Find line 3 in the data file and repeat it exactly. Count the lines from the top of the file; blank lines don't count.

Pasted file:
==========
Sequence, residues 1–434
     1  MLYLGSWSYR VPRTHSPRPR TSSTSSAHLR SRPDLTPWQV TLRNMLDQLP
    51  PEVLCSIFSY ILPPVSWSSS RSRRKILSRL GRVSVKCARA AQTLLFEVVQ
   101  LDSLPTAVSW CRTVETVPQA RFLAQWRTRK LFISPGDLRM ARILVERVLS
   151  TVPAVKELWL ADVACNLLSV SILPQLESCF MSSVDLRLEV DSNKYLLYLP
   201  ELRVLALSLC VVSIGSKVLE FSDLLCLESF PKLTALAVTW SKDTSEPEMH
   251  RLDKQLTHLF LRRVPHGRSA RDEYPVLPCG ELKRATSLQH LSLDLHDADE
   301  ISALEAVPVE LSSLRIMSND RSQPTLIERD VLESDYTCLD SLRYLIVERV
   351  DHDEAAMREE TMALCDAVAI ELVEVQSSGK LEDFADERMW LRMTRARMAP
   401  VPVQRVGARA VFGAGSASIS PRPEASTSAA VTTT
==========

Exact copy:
    51  PEVLCSIFSY ILPPVSWSSS RSRRKILSRL GRVSVKCARA AQTLLFEVVQ